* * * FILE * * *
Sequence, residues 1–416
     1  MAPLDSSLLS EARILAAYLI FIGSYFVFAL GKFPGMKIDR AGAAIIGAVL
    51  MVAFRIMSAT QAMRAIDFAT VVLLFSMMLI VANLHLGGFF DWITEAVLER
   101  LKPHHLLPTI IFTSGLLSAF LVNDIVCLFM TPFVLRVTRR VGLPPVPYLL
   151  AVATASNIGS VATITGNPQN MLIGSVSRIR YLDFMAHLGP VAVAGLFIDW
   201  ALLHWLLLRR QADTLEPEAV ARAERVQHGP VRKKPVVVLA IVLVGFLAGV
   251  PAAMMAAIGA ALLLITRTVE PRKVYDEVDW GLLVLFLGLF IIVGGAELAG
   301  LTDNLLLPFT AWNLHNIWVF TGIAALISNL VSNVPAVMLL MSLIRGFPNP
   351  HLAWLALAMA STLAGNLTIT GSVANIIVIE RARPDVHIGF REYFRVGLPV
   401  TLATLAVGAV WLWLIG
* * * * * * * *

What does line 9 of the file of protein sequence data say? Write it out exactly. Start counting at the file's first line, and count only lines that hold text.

   351  HLAWLALAMA STLAGNLTIT GSVANIIVIE RARPDVHIGF REYFRVGLPV